The predictable becomes penetrative and poetic in the Abbey Theatre's compelling production of John B. Keane's play
Sive, originally penned by Co. Kerry playwright John B. Keane in 1959, and brought back to life by Dublin's Abbey Theatre and director Conall "Re-Energize" Morrison, is a masterful theatrical work. It is miraculous in how it could so easily fall into a plethora of clichéd narrative traps, yet doesn't merely sidestep them, but evades them.
The key to Sive's success is not solely in its storyline but in something that I call "moody expressionism": in actuality, the difference between Sive and a prototypical Cinderella meets Romeo & Juliet strand that runs throughout the play is extremely minute. Yet a remarkable, atmospheric set, a strong directorial hand and, most importantly, perfect casting make it unique: the predictable becomes penetrating and poetic in a soundly balanced, deeply nuanced and sometimes blackly comic play. It's not stretching things for me to say that this is the best play I have seen in my years of arts reviewing, and it is likely to remain so.
Róisín O'Neill's winningly fresh-faced title character is an illegitimate teenage schoolgirl living under the roof of her late mother's brother, Mike Glavin (Barry Barnes) and his wife Mena (standout performer Deirdre Molloy). Mike's mother Nanna (Bríd Ní Neachtain) is also resident, but she and Mena are at each other's throats, creating a channel of disturbing rage to go with an already dysfunctional familial setting. The cracks in the rocky wall of this dwelling only scratch the surface of the turbulence within.
The inquisitive, energetic Sive is both pivotal and a human being, a troubled soul and the fulcrum of the disturbance surrounding her. Her function initially appears to be no more than a surrogate child for an aunt who was unable to have a child of her own. But it's worse for Sive than that: said aunt is an unkind, hard-hearted figure who repeatedly seeks to keep Sive in constant fear of her elders. Yet one does not view Mena as a monster, but instead somebody who has been warped, twisted and damaged by her own testing upbringing. Having been forced into an arranged marriage herself, she appears envious of Sive's qualities, and is keen to ensure that the girl does not have the chance to live the life that Mena almost certainly once dreamed of – even if it means denying her an education.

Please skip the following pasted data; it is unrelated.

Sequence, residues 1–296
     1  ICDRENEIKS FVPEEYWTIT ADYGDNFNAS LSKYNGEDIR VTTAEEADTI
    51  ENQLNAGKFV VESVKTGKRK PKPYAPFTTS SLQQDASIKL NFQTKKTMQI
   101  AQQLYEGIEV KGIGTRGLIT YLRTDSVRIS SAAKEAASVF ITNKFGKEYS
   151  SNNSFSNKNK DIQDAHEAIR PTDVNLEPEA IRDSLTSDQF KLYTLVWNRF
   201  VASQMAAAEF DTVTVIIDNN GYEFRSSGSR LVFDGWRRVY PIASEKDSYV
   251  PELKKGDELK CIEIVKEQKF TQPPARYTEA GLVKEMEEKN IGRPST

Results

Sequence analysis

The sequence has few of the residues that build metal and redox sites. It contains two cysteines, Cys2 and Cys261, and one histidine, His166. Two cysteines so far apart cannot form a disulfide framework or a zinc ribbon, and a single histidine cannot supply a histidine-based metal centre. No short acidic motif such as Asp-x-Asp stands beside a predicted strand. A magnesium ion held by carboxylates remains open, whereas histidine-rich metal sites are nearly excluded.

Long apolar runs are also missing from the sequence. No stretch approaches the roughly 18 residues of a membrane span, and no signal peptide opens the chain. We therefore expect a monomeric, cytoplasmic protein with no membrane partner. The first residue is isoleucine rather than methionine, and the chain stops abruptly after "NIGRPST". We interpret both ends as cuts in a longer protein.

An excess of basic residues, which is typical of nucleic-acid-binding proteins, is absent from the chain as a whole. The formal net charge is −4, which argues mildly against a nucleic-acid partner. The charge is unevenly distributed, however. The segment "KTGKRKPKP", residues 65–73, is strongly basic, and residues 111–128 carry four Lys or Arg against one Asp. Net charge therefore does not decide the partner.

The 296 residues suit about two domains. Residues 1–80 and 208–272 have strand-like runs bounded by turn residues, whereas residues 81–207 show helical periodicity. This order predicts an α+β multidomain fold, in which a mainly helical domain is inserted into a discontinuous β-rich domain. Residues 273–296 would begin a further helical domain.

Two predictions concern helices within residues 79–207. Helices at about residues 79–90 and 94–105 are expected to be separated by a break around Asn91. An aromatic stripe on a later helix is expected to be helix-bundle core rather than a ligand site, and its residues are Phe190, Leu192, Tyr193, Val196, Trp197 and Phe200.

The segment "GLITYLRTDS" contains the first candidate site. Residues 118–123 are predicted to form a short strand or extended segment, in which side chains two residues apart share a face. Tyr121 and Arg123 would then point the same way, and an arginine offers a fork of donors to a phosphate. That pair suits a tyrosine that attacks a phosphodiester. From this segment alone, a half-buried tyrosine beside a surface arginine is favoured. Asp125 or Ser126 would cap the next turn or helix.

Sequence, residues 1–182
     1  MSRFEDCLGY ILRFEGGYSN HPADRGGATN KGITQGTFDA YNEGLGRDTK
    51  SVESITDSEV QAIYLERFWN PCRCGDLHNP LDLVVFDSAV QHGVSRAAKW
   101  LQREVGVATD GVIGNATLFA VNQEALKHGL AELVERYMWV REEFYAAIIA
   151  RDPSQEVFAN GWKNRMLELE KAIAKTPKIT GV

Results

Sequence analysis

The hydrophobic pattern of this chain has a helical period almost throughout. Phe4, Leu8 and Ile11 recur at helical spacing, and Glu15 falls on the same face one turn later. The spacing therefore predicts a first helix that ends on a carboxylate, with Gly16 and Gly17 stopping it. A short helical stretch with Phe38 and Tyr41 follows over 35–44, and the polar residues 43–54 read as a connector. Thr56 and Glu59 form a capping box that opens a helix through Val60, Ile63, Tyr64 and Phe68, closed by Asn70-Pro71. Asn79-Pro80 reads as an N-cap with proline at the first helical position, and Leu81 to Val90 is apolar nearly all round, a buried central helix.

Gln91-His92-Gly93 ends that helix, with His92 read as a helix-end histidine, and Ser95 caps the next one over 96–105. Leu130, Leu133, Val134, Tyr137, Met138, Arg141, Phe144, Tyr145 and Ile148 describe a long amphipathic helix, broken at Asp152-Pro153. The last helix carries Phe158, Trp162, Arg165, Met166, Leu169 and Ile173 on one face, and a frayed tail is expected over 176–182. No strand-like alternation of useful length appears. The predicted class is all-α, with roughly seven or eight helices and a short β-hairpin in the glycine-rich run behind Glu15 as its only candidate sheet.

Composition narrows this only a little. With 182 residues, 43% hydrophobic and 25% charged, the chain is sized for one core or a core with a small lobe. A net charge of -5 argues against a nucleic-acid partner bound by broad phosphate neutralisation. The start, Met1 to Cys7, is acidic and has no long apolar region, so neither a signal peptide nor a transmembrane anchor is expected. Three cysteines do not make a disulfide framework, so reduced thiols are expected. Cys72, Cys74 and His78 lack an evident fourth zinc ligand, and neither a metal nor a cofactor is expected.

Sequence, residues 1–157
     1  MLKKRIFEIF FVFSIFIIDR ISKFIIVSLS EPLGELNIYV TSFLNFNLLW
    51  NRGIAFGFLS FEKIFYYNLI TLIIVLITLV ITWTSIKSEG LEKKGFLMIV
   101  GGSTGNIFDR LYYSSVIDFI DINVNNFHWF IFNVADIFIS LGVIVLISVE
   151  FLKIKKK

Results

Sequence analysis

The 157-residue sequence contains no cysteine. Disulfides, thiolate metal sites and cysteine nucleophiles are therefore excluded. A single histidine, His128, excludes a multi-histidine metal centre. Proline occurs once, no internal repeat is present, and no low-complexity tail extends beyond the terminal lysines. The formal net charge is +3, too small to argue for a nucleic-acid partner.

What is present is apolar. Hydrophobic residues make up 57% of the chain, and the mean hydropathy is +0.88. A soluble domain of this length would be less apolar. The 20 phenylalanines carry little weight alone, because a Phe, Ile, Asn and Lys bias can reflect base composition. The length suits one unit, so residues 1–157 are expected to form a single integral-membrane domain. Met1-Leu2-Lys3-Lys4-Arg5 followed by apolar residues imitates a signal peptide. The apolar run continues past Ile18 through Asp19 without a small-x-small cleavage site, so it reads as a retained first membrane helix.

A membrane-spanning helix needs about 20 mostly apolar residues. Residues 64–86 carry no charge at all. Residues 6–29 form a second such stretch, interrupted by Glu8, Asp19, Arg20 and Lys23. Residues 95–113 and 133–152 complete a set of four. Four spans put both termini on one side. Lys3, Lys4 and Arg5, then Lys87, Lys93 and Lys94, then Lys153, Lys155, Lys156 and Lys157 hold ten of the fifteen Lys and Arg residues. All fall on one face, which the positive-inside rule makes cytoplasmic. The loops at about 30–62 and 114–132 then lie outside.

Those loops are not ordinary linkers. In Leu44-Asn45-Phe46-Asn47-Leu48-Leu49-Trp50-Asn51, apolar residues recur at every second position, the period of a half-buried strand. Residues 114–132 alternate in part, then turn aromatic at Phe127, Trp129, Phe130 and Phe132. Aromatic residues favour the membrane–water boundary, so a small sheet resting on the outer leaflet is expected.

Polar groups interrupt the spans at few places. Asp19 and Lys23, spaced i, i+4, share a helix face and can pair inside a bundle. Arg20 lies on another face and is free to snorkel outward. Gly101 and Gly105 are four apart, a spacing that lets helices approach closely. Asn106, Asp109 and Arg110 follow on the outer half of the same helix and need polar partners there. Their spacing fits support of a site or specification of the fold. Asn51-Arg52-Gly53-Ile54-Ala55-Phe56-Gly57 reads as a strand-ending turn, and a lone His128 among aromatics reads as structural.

Enter local matchmaker Thomasheen Seán Rua (an unsettlingly funny Simon O'Gorman), whose gruffly humorous facade unconvincingly hides bullish and not-very-bright tendencies. Thomasheen, Mike and Mena plan to marry Sive off to wealthy septuagenarian Seán Dóta (Derry Power), a creepy hybrid of Father Ted’s Bishop Brennan and Fiddler On The Roof's Lazar Wolf.
Seán unsurprisingly makes Sive wince: furthermore, she has a love of her own in Gavin Drea's Liam Scuab, a suitor who Nanna thinks ideal for Sive. But, of course, this cuts no ice with Mena's prejudices and financial needs, while Mike holds a serious grudge against Liam for his cousin’s actions. For Liam’s cousin, Sive's biological father, died before his promised marriage to Sive’s mother could be realised.
It is a richly thematic and symbolic situation. Mena has a "mean" streak. Seán Dóta "dotes" on his betrothed, allegedly. And Sive has quite literally "scythed" a stake between her uncle and her aunt. Mike's marriage, the very thing keeping a roof over his head, is at risk, and Sive's love life is in the hands of a "matchmaker" who has no concern for the consequences of the match! As Thomasheen himself remarks, "What do the likes of us know about love?"
But Sive is as much, if not less, about a Cinderella figure trying to escape with her Prince Charming than an idiosyncratic insight into a frankly messed up community’s desire to assert, reassert, retain and maintain control and tradition. Short-term gain will likely amount to long-term pain for Thomasheen, Mena and even Seán Dóta, yet none of them appear to be aware of this. Only Mike is open to a change of heart, thanks mainly to Nanna's persuasive powers – but with Mena ruling him completely, will he really be able to change anything?
It is a scenario made compelling through stark, self-aware absurdity and irresistible intricacy, and is smoothed over by a pair of singing, meddling tinkers (Muiris Crowley and Frank O'Sullivan) whose tuneful revelations and decisive actions in the second act point towards a tragic outcome for everyone involved. Neither a comforting Kansas nor a colourful Oz rests at the end of the rainbow for Sive's Dorothy: instead, all that awaits is a bitterly black hole.
Sive runs at Belfast's Lyric Theatre until Saturday November 9 and will continue to tour Ireland until Saturday December 13. For more information, click here.